WASHINGTON, Sept. 16, 2014 /PRNewswire-USNewswire/ -- Congressman Chaka Fattah (PA-02), the lead Democrat on the House Subcommittee responsible for Department of Justice (DOJ) funding, has announced that the agency has awarded grants to Temple University and the City of Philadelphia's Youth Violence Prevention Collaborative (PYVPC) for two separate initiatives aimed at reducing violence in the community.
Temple University was awarded $425,512 for a study that will test the impact of different police strategies on violence and property crime. The project—a collaboration between Temple academics and the Philadelphia Police Department (PPD)—will boost the data available on the success of predictive policing, an emerging tactic in law enforcement. By randomly assigning 20 PPD districts one of four experimental conditions, the study will attempt to answer whether different police responses to crime predictions estimated by a predictive policing software program can effectively reduce crime.
"Temple University and the Philadelphia Police Department have worked together for years to increase public safety in our community and this new grant award will allow them to continue their concerted efforts in determining whether new technology can effectively predict and ultimately reduce crime," Congressman Fattah said. "Not only does this research study have the potential to impact Philadelphia's policing strategy, it will inform police tactics at leading policing organizations and police communities across the country."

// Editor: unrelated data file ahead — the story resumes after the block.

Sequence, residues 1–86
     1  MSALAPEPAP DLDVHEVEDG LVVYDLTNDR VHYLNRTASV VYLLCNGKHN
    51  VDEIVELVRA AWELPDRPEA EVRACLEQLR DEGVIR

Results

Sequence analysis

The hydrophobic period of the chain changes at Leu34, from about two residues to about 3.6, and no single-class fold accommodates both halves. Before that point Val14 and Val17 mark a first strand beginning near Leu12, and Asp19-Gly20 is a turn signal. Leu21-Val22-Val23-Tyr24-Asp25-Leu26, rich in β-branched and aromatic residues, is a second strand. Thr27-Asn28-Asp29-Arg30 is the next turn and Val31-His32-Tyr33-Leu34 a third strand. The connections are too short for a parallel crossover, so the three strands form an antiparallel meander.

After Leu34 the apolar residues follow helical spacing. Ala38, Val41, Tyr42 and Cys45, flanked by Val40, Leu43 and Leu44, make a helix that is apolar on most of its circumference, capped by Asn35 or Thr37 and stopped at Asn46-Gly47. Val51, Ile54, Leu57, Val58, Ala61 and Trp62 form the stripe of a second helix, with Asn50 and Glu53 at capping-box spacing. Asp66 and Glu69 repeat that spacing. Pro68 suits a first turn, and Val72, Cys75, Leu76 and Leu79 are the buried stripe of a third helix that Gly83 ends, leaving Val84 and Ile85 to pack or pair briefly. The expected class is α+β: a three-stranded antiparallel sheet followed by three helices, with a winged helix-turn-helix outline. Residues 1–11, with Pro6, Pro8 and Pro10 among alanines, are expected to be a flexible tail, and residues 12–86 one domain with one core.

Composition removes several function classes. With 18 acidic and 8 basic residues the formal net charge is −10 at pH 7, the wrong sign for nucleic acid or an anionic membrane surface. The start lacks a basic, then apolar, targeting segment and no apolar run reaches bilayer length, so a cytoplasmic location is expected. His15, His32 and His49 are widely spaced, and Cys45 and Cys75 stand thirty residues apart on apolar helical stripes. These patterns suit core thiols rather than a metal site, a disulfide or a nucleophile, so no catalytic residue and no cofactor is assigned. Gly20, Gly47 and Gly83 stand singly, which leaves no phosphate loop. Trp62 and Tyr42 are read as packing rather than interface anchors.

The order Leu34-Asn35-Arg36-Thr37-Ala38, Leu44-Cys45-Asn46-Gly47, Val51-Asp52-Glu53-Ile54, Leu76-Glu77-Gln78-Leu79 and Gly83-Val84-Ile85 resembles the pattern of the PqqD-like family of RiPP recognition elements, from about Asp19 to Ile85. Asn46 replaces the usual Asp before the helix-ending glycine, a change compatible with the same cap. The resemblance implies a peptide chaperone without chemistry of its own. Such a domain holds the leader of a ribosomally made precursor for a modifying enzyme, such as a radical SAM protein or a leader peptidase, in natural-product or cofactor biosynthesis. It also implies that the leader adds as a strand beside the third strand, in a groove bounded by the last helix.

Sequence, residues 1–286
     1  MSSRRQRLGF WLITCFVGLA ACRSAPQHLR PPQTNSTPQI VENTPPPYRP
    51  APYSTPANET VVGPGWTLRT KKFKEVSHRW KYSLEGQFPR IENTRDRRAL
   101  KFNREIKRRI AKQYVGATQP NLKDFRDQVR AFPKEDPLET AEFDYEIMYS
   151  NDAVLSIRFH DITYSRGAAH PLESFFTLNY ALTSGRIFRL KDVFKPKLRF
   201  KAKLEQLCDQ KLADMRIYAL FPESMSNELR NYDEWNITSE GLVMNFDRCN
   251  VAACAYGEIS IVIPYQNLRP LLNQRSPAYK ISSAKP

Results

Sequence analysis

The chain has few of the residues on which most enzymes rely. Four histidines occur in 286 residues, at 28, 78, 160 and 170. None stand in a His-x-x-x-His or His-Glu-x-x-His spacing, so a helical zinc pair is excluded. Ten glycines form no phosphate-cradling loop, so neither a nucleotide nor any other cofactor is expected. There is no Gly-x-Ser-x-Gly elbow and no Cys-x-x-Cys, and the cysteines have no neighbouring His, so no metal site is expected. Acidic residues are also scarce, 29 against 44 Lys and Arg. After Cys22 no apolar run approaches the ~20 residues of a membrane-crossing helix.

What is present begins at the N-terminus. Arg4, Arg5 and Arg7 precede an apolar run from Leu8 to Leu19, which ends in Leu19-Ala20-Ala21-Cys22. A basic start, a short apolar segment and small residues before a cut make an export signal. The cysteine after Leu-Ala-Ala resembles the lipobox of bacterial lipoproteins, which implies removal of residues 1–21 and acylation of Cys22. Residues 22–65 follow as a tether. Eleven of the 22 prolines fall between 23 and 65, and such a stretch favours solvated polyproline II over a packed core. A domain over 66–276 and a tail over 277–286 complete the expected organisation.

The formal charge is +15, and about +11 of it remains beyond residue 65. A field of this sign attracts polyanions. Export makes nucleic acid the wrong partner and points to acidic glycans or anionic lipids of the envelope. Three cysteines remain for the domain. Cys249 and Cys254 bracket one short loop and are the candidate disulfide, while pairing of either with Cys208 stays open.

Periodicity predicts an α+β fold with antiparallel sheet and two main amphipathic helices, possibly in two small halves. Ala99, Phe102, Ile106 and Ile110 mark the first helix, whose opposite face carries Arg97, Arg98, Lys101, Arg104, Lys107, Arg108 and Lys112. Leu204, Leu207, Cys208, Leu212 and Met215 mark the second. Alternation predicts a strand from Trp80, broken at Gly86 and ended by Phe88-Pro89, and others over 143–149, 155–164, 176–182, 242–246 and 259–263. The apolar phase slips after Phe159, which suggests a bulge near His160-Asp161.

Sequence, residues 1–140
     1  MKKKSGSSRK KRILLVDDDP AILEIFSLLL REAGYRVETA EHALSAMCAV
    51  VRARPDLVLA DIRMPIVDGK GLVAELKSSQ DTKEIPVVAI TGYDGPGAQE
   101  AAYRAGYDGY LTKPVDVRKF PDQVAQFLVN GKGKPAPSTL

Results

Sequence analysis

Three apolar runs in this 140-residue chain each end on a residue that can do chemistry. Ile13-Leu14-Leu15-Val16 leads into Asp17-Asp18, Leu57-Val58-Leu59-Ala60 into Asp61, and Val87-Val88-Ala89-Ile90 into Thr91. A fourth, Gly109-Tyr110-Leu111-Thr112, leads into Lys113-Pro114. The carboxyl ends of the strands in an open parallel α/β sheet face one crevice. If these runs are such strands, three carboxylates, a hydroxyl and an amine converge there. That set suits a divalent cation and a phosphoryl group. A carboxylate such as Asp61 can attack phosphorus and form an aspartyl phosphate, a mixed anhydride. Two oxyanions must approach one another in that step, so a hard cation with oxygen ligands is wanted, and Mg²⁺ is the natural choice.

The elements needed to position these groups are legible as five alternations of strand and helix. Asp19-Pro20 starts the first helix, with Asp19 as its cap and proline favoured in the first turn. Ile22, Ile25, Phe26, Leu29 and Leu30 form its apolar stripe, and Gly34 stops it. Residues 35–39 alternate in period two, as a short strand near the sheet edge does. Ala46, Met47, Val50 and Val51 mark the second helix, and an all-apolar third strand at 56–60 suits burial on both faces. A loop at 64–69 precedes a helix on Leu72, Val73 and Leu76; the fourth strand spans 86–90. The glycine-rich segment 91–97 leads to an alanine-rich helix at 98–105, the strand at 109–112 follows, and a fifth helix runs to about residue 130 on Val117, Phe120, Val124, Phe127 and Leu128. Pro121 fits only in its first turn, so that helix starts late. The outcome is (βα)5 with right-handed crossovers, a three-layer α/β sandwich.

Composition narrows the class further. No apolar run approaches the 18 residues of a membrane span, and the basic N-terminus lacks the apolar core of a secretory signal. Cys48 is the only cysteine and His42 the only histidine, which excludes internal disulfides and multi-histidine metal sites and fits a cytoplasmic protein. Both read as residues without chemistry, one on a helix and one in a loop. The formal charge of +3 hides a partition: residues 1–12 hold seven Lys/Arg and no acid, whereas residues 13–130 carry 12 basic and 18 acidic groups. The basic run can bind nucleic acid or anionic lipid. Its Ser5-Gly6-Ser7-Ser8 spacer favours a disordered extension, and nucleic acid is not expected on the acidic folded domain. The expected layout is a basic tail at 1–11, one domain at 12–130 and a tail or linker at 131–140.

The $222,200 grant for PYVPC from the Office of Juvenile Justice and Delinquency Prevention will continue Philadelphia's work as one of 10 cities around the country participating in The National Forum on Youth Violence Prevention. The award will support the continuation of their strategic plan and provide technical assistance for the School District of Philadelphia and other community partners.
The School District will use the funds to support the implementation of Positive Behavioral Intervention Supports (PBIS) in two high need Philadelphia schools. After the supports are successfully implemented, the District expects a twenty to sixty percent reduction in office discipline referrals and out-of-school suspensions, in addition to academic gains, decreased teacher and administrator involvement in discipline, and an increase in the amount of time students spend in the classroom.
"The funds awarded to the Philadelphia Youth Violence Prevention Collaborative will allow them to continue their work reducing violence in our public schools and equipping students, parents, teachers, and administrators with the resources and training to best ensure our classrooms are safe and ensure the best possible environment for learning and academic success," Congressman Fattah said. "The Philadelphia Youth Violence Prevention Collaborative has made great inroads in their holistic approach to reducing youth violence in our city. This additional DOJ funding will further support the implementation of their strategic plan that is working collectively with local agencies and partner organizations across the city to make our community a safe place for all, especially our young people."
In his role as Ranking Member on the Appropriations Subcommittee on Commerce, Justice, Science (CJS) and Related Agencies, Fattah has pushed to increase funding for Department of Justice programs, and in the FY15 House CJS bill was successful in securing an additional $382.8 million in funding over FY14 levels.
For additional information on the DOJ grant awards, please visit: http://ojp.gov/funding/funding.htm.
SOURCE Office of Congressman Chaka Fattah